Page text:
Zimbabweans are in a dilemma, the international media has, in recent days, been awash with reports of low efficacy of Chinese vaccines Sinopharm and Sinovac.
The two vaccines are part of the vaccines chosen by the government in the fight against the coronavirus.
To date, Zimbabwe has only authorised the use of
Sinopharm, Sinovac, Covaxin (India) and Sputnik-V (Russia) vaccines only.
The news of low efficacy recorded in some of the vaccines has unsettled those who have already been vaccinated.
It has affected the ongoing vaccination program as some have become sceptical over the process, undoing progress earlier made.
Government has however said they are not worried about the reports on low efficacy.
Zimbabwe’s Head of the National Response to the COVID-19 Taskforce, Dr Agnes Mahomva said;
“I know there is a lot of social media communication on that issue. We deal with science, the clinical trial, and the data that they would have submitted from the Chinese company that would have manufactured that, any modification changes they communicate and we go by the science.”
Dr Mahomva said vaccines used in Zimbabwe are not any different from Western vaccines.
“All Covid-19 vaccines are issued with what we call emergency use authorisation. There is not a single vaccine not Pfizer, not Moderna that has been given the full approval. They all have what we call emergency use authorisation for the simple reason that these are new vaccines as Data continues to come in, more analysis is done. So we will not be surprised by anything that comes at the moment but we still wait for the evidence and the science and not the social media,” said Dr Mahomva.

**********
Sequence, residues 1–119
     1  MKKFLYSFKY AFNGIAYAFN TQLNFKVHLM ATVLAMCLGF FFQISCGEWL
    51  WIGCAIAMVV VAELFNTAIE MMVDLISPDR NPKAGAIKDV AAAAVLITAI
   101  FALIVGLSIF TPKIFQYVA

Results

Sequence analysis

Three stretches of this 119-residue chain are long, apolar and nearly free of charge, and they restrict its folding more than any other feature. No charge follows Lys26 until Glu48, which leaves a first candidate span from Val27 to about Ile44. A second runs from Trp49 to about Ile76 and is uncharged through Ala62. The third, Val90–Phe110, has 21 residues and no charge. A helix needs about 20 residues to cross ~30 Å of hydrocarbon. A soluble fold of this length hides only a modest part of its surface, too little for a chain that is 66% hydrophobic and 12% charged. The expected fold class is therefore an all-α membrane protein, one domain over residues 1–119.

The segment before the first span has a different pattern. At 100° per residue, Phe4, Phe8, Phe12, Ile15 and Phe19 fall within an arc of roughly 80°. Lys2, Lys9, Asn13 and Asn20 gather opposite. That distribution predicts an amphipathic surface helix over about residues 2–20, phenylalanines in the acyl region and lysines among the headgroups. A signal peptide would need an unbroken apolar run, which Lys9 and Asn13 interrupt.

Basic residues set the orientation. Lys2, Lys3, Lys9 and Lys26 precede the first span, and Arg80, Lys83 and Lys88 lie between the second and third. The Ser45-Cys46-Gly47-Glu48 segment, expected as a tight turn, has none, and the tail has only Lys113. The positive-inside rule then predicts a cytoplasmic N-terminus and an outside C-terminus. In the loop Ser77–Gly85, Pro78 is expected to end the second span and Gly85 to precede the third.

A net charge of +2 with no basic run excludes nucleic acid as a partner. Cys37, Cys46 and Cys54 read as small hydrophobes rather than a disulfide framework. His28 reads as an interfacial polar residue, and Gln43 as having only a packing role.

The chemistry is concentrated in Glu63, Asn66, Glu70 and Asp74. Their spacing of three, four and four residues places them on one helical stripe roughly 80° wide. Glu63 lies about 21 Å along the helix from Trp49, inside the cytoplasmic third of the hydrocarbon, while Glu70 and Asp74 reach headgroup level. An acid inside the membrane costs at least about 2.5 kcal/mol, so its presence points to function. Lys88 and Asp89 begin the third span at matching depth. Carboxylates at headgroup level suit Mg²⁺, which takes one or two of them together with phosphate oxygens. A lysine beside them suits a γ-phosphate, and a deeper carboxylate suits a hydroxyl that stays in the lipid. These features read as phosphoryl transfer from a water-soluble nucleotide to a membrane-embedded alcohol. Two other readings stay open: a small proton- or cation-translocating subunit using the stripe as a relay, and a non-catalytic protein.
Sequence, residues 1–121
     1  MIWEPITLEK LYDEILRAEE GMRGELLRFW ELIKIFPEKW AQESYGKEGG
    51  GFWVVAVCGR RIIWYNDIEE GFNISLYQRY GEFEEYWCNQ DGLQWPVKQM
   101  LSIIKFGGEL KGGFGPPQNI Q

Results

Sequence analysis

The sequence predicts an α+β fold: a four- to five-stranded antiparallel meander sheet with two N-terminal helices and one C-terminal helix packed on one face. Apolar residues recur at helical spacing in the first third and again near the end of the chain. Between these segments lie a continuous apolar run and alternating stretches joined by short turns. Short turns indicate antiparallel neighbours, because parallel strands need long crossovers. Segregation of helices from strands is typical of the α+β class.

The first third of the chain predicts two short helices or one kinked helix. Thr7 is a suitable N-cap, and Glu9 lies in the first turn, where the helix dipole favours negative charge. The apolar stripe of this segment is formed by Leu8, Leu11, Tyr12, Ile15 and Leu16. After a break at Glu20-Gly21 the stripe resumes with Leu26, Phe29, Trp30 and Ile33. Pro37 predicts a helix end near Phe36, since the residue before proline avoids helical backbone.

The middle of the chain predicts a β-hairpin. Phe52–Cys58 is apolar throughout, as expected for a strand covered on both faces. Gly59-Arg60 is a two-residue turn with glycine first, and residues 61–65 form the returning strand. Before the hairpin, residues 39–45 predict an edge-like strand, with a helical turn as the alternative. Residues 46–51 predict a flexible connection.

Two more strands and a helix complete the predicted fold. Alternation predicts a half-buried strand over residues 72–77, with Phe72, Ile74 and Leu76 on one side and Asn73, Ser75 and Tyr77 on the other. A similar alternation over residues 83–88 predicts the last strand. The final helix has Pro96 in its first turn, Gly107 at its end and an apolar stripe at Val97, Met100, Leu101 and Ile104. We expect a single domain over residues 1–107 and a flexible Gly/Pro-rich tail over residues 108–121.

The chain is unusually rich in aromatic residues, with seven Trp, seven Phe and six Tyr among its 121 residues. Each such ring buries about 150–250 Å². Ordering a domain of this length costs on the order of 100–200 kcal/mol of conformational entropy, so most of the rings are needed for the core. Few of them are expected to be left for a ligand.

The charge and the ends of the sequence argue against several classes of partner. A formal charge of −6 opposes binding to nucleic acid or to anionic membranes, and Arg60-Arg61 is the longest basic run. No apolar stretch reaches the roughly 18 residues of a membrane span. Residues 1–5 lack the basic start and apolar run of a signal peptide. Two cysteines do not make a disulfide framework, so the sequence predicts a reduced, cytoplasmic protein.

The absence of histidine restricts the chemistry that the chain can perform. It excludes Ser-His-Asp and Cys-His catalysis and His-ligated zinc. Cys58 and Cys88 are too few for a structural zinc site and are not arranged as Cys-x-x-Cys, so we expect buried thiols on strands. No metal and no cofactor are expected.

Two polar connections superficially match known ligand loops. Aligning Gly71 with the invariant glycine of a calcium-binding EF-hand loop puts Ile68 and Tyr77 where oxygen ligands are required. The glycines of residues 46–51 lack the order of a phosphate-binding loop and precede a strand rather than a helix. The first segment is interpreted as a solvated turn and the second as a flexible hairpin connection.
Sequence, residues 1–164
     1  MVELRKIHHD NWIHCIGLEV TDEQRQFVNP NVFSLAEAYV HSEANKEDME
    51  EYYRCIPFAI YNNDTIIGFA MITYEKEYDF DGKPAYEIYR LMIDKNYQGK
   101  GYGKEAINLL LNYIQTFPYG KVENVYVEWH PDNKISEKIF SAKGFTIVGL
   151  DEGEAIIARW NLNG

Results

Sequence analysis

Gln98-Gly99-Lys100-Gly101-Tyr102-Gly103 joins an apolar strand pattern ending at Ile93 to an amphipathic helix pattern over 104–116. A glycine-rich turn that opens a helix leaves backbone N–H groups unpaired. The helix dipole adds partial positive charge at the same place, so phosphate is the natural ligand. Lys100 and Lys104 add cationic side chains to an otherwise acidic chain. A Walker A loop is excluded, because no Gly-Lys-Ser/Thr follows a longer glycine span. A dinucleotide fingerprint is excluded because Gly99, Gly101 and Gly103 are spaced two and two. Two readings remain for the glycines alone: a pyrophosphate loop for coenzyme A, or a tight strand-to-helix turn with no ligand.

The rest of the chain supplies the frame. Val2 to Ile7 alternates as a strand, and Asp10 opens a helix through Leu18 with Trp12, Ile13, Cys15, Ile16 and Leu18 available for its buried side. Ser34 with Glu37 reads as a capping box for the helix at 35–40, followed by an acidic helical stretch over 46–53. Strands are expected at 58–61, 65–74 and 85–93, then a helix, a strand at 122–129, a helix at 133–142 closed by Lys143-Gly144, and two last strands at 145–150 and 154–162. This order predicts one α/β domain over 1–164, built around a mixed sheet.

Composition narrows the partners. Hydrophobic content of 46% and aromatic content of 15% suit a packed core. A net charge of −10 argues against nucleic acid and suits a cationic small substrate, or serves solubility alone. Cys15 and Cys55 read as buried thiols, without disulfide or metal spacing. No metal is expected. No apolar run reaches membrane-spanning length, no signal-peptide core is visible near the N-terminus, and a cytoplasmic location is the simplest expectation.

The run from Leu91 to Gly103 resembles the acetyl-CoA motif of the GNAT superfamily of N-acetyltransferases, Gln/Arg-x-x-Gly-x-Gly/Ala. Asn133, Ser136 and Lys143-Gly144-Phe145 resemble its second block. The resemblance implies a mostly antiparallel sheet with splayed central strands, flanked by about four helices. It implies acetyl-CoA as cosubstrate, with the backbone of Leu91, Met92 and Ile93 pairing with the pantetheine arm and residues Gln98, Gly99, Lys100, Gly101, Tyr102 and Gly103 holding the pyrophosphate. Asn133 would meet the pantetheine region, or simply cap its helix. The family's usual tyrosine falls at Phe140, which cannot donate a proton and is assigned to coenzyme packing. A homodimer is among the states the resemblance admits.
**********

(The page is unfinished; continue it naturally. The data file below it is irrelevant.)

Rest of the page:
Zimbabwe Association of Doctors for Human Rights, Secretary General, Dr Norman Matara explained what this low efficacy means; “We already know that the Chinese vaccine some of them had lower scales in terms of preventing primary transmissions, but what is more important is that the vaccine they still regain 100 percent efficiency in terms of preventing severe disease and death which is what is very important.”
He said there is need for authorities to break down the medical jargon for people to be able to discern.
“Low efficacy just means that it is low in terms of preventing primary infection but in preventing death, hospitalisation and severe disease we still have higher efficacy of 100 percent comparable to other vaccines,” said Dr Matara.
He went on to question the manner in which the media has been covering the issues.
“There needs to be accuracy in terms of reporting such things because what is being peddled in the media that the Chinese vaccines have low efficacy it’s not something that is new. Even when the vaccines came, we knew that WHO threshold for vaccine efficacy is just 50 percent so if a vaccine has 50 percent efficacy, WHO considers that as good enough.”
What this means is, authorities are now faced with a hard task of convincing people, especially youths and the rural population to get the vaccine shots. The hesitancy has not been helped by the news which has been circulating on media platforms. –